At my parents old house, in a bedroom addition, there was a separate water heater added. It is actually in one side of the reach in closet in a bedroom. (Electric, not gas.) We'll move into that house eventually and I dread having problems with it due to how hard it will be to access it - probably have to removed a good deal of stuff from the actual closet to get to it. Pro, though, is that it won't freeze! Their water has less sediment in it than ours does, so hopefully no need to drain it. However, before we move in, I think we might really inspect it and consider draining and refilling it just to check for sediment first.

In my parent's new house, it is located in a dedicated hall closet. It is LP gas and has pipes running into the attic for air circulation. A drain was put in before the slab was poured and only tile is used in that area. All fixtures have been equipped with gas and electric hookups. With their plumbing/gas/electric setup, this made the most sense as far as location.

    Bookmark   February 23, 2012 at 4:00PM
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I suppose the maintenance issue may vary on location but I have never drained a hot water heater. I've replaced one in my life. I can't imagine a water tank just sitting outside a house but maybe that exists. I can't imagine it would be up to modern code. Now a tankless that is supposed to be outside is a different animal.

If you are just talking about along exterior wall with access to outside, I can't imagine freezing is really an issue. The area should be insulated and still in conditioned space (even if there is no vent). The hot water heater will keep things warm enough to prevent freezing in most situations - if it isn't then you have far too little insulation. The number one issue for hot water placement in my mind is distance to fixtures and that should always be considered.

    Bookmark   February 24, 2012 at 5:28AM
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DavidCary addressed my thought: how inconvenient will replacement be? (Being quite a bit older than DC, I've gone through replacement issues several times.) In that time only one tank was drained for upkeep, and that was an old model in a hard-water, high sediment area. After the first time, there was very little sediment. Nowadays, I just don't bother with that chore, but if you do live in a high-sediment area then annual draining will increase efficiency and possibly lengthen the life of the heating elements. Hot water tanks seem to be consistent in lasting X-number years, which in my experience is their warranty-life plus a few months, lol.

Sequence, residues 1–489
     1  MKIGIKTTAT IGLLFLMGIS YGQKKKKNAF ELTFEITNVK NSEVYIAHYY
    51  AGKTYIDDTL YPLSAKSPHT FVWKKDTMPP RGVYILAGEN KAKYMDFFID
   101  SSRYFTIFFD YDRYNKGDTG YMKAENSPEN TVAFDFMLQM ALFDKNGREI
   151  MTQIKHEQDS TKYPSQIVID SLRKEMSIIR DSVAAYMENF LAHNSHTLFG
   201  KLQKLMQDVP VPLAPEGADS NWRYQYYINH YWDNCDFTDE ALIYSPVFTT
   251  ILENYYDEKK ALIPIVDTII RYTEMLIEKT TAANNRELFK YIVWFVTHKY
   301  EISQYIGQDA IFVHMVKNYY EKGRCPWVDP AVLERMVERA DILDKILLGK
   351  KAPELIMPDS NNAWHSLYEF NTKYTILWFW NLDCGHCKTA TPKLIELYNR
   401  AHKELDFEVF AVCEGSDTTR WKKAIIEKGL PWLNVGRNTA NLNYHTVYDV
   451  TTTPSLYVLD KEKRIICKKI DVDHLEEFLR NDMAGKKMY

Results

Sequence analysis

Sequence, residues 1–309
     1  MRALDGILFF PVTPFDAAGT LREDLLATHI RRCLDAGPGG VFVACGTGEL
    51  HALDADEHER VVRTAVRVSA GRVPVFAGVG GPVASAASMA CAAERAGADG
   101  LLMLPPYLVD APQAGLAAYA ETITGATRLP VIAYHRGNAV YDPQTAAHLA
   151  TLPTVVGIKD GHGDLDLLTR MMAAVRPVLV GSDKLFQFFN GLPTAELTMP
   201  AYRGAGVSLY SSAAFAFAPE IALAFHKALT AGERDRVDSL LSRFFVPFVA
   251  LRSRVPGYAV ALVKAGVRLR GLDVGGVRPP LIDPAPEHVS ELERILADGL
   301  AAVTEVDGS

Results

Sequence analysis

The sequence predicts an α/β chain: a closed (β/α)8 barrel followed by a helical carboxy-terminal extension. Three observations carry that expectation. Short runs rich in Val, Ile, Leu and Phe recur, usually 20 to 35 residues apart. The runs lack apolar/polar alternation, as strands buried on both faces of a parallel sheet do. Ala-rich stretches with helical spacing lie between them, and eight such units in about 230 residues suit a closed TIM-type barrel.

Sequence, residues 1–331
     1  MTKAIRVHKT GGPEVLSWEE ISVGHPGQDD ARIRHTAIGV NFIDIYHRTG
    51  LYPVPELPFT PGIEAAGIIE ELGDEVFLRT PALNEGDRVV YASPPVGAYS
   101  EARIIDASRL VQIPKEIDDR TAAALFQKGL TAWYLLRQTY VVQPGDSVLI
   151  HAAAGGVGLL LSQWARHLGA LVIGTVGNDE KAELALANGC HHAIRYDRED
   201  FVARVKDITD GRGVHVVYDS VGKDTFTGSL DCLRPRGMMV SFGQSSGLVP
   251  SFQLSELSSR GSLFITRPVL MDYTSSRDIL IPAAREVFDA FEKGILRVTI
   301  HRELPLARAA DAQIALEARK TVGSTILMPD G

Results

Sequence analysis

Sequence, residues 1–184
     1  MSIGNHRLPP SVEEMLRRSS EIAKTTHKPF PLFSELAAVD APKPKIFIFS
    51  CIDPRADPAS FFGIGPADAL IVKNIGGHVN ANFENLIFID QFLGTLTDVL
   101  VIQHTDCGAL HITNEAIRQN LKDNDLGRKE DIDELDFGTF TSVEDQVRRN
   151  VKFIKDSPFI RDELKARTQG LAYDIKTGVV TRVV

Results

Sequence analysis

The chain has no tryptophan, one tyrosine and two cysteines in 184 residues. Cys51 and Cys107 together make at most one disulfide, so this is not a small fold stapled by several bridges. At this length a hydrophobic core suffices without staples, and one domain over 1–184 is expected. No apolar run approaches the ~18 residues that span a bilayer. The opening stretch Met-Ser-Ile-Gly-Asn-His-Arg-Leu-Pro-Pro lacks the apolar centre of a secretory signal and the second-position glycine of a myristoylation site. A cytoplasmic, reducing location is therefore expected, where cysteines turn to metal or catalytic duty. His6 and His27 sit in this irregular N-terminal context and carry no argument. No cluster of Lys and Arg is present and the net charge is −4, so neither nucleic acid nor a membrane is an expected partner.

I would be more concerned about possible leakage. Luckily, I've never had that problem, but I know several who have and it can cause an expensive mess.

If the closet is not sufficiently insulated to protect incoming waterpipes from freezing, then you will be paying an unnecessary extra amount to maintain the tank's water temperature whenever the closet is colder than the desired temperature. Fortunately, the remedy is quite inexpensive: add insulation! Use a "tank jacket" at the least, and best would be to insulate all sides of the closet including the below the flooring.

    Bookmark   February 24, 2012 at 1:57PM
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meldy_nva - On the one we had to replace, it was really probably just the element that needed replacing. (Or at least that was going to be the first thing to try.) Unfortunately, there was no way to remove it.

We were a bit confused when we started draining it as we thought there would be more water in it. The sediment was solid up to above where the bottom element was inserted. Basically tore up the unit trying to get it out. After we removed the old water heater and had it over on its side, some of the sediment fell down so we were able to get the element the rest of the way out and use a flash light to look at the inside a bit. Yuck.

Idea now is to drain periodically so that the element could be replaced if needed as a much cheaper thing to check for before replacing the entire unit.

No idea how old the original unit was. We had probably been in the house about 5 years and the house was about 5 years old when we bought it. Could have been that the entire thing needed replacing no matter what, but we weren't even able to attempt changing out the element.

**Have I mentioned I can't wait to get far away from this community well!**

We do have a water heater blanket on the unit.

    Bookmark   February 24, 2012 at 3:50PM